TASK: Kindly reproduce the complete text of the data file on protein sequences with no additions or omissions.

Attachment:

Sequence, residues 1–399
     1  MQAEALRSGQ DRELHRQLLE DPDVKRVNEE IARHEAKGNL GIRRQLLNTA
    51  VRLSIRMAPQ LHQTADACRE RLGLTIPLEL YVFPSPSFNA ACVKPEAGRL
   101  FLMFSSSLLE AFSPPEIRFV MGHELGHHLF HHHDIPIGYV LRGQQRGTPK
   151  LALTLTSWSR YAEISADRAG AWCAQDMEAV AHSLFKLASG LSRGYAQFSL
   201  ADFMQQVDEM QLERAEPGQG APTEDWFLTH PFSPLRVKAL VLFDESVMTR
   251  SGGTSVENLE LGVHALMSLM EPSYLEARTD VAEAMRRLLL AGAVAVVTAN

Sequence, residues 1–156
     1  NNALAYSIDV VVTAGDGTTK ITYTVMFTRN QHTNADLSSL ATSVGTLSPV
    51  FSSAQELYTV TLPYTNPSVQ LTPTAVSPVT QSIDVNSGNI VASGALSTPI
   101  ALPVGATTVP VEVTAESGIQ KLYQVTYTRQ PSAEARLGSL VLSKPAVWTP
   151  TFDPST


Sequence, residues 1–399
     1  MQAEALRSGQ DRELHRQLLE DPDVKRVNEE IARHEAKGNL GIRRQLLNTA
    51  VRLSIRMAPQ LHQTADACRE RLGLTIPLEL YVFPSPSFNA ACVKPEAGRL
   101  FLMFSSSLLE AFSPPEIRFV MGHELGHHLF HHHDIPIGYV LRGQQRGTPK
   151  LALTLTSWSR YAEISADRAG AWCAQDMEAV AHSLFKLASG LSRGYAQFSL
   201  ADFMQQVDEM QLERAEPGQG APTEDWFLTH PFSPLRVKAL VLFDESVMTR
   251  SGGTSVENLE LGVHALMSLM EPSYLEARTD VAEAMRRLLL AGAVAVVTAN

Sequence, residues 1–156
     1  NNALAYSIDV VVTAGDGTTK ITYTVMFTRN QHTNADLSSL ATSVGTLSPV
    51  FSSAQELYTV TLPYTNPSVQ LTPTAVSPVT QSIDVNSGNI VASGALSTPI
   101  ALPVGATTVP VEVTAESGIQ KLYQVTYTRQ PSAEARLGSL VLSKPAVWTP
   151  TFDPST